Examine the Buddhist Perspectives on the Nature of Life

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Examine the Buddhist perspectives on the nature of life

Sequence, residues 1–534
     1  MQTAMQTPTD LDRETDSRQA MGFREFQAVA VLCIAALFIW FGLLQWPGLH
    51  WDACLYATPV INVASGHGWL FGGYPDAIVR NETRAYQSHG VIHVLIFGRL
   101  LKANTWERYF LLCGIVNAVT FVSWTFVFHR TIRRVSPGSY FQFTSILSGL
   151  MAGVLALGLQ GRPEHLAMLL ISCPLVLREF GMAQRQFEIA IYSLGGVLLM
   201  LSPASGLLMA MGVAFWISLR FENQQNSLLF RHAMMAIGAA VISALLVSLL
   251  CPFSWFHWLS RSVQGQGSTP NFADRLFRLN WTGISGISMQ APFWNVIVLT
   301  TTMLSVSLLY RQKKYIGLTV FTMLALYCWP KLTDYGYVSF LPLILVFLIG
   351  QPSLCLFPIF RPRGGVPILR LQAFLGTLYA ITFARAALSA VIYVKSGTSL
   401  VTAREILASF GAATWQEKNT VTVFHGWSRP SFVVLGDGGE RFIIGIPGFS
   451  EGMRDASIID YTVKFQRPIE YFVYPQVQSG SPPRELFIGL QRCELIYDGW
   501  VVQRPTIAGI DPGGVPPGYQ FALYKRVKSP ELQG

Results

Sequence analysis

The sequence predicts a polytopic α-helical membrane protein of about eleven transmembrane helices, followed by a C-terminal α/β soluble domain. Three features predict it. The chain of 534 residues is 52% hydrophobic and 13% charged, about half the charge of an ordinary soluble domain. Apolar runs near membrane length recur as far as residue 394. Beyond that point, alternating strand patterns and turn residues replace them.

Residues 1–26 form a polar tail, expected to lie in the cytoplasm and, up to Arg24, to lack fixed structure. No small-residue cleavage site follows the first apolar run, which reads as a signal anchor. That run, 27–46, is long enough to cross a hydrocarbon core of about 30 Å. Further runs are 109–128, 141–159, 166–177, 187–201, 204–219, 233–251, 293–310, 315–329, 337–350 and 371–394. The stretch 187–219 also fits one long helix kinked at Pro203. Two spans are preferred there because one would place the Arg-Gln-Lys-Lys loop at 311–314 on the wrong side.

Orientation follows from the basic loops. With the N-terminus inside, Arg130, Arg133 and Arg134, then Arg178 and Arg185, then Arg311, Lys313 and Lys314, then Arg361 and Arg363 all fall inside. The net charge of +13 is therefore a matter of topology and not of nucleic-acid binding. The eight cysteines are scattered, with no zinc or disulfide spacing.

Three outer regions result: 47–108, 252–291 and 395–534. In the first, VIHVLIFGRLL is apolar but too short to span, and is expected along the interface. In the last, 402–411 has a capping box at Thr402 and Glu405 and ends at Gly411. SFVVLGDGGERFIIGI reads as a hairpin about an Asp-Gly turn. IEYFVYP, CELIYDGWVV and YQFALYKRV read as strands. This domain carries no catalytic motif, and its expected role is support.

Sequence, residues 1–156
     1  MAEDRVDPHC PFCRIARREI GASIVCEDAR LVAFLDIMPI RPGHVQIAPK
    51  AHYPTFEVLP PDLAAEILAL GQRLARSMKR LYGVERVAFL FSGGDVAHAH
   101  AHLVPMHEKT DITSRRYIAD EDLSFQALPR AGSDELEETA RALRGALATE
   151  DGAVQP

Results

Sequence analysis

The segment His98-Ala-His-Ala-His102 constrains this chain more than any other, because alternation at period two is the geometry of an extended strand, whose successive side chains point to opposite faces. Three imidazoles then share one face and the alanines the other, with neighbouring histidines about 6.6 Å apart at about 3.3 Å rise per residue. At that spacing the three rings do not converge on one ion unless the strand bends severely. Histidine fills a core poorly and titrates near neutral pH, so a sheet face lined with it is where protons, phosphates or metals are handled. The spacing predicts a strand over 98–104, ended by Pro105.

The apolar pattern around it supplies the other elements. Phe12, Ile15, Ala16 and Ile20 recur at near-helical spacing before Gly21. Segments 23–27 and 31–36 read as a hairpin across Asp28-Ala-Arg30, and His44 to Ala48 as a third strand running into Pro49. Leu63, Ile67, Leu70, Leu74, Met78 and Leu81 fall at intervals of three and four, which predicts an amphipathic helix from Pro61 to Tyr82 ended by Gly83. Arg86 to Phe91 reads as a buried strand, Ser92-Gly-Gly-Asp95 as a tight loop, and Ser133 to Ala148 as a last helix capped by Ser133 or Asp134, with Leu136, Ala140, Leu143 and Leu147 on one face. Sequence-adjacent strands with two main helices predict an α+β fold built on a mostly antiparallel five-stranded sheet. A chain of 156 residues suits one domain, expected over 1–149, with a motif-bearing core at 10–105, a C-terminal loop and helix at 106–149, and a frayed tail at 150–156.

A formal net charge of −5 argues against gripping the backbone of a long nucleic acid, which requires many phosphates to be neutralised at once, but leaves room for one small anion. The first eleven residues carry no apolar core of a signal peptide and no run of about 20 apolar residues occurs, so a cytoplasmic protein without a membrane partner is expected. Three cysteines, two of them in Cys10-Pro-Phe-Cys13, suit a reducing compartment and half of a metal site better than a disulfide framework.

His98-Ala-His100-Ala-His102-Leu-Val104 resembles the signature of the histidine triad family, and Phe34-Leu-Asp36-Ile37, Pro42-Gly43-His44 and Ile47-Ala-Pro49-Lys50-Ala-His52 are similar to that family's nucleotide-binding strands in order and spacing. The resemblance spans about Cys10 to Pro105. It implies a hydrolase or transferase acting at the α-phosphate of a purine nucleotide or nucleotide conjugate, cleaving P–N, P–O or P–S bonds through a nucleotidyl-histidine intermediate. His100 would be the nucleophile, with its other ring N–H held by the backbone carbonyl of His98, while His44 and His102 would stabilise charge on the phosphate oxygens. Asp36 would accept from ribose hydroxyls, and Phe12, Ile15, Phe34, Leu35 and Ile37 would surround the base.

Buddhism was found 25000 years ago in lumbrini by Siddartha Guatama. The nature of life refers to the essential characteristics of human life. Buddhism is a unique religion as has no God and can be seen to be a fairly pessimistic religion as life is characterized by suffering. Buddha saw the four sights which were an old man, a sick man, a dead man and a ascetic man, he for the first time saw life as negative, as the first three sights showed suffering, however the ascetic man showed the Buddha that there was hope to attain enlightenment which eventually leads to nibbana as the ultimate goal for Buddhists. The three marks of existence which examine the Buddhist nature of life are Dukkha this means suffering, Anicca which means impermanence and Anatta which means no fixed self. Buddhists see everything as impermanent and in a state of flux and a quote from the Buddha is that ‘decay is inherent in all living things’. Rahula notices that many people see Buddhism as a pessimistic religion as it acknowledges suffering; however it in fact looks at ways to escape this suffering and makes us appreciate more the positive aspects of life. As absurdist’s believed humans spend most of their lives looking for something that cannot be found. The wheel of samsara is a cycle of birth, death, and rebirth and aims to escape this cycle and reach nibbana which is a deathless state. It is also essential that the 3 mental poisons which are greed, hatred, and dilution are removed/ There are 6 realms in the wheel of samsara, the human realm, the deva realm, the asuras realm, the petas realm, the animal realm and the hell realm and Harvey states that ‘ the human realm is the best realm for spiritual growth . Although Buddhism is characterized by suffering, life is precious and this is shown the five precepts (do not kill, do not steal, do not lie, do not perform sexual misconduct, do not drink alcohol) for example the precept ‘...
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